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April 1999. Keywords:
Cancer-Rates USA, 1900-1990;
Cancer Causation (Etiology); Synergism.
- Part 1 -- How Do Cancer-Rates Now Compare with Past Rates?
- Part 2 -- A Popular Assumption Is Probably Wrong
- Part 3 -- Some "General Wisdom" Which Is Probably Right
- Part 4 -- How NonRadiation Agents Can Make Radiation Worse
- Part 5 -- How Radiation Can Make NonRadiation Agents Worse
- Part 6 -- A "Menu" Consisting of Xrays, Diet, Hormones, Pollution, Workplace, Viruses, Smoking, & Inherited Mutations
- Part 7 -- The Concept of Fractional Causation
- Part 8 -- Implications of Co-Action for Preventing Cancer
Part 1 How Do Cancer-Rates Now Compare with Past Rates?
In 1993, there were 2,268,553 deaths in the USA, of which 529,904 were cancer deaths --- 23.4% or almost one death out of every four. The ratio of cancer diagnosis to cancer death is approximately 2 to 1. The ratio varies a lot with the kind of Cancer which is diagnosed.
No one can speak with certainty about the overall ratio, of incidence divided by mortality, because incidence rates are analyzed from only a few states plus a few selected metropolitan areas, whereas mortality rates are analyzed from all 50 states. If the overall ratio is 2 to 1, it follows that about 45% of the population (USA) receives a diagnosis of Cancer. The behavior of cancer rates over time is shown in Table 1 and in Figure 1.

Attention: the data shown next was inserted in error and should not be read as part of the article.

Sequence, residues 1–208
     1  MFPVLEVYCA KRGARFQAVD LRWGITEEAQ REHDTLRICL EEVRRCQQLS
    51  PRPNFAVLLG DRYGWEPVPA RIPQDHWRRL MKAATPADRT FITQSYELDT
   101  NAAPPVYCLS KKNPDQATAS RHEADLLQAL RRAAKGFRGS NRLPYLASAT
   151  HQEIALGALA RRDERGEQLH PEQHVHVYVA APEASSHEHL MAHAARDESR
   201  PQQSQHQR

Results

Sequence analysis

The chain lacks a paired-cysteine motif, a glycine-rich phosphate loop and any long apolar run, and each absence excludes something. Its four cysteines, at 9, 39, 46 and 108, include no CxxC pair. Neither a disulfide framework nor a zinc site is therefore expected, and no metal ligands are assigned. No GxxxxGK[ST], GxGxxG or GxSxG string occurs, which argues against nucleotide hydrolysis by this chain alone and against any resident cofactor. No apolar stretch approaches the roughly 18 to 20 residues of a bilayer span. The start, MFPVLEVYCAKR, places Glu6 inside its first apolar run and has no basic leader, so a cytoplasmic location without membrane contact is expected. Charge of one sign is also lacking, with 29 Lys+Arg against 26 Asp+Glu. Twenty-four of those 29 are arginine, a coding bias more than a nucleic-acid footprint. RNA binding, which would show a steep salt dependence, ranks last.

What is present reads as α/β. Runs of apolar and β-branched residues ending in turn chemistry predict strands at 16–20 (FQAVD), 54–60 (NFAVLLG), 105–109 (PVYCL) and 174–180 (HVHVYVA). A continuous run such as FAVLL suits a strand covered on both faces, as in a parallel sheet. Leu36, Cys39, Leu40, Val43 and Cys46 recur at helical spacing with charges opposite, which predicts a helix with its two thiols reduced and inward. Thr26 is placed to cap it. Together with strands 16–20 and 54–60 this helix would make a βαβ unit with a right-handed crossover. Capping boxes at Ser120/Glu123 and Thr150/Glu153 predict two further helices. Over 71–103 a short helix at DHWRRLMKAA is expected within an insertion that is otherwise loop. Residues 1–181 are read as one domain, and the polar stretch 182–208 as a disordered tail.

Table 1: Years 1900 through 1990: All-Cancer Death-Rates, USA, across Time.Because these are age-specific rates, per 100,000 population of each age-band, different decades can be directly compared without age-adjusting. Prior to 1933, not all states reported. Entries for 1900 are based on the fewest states (only ten). Sources: Vital Statistic Rates in the U.S. 1900-1940, p.250, by F.E. Linder (1947: Government Printing Office), and Health, United States, 1995, p.132 (1996: National Center for Health Statistics).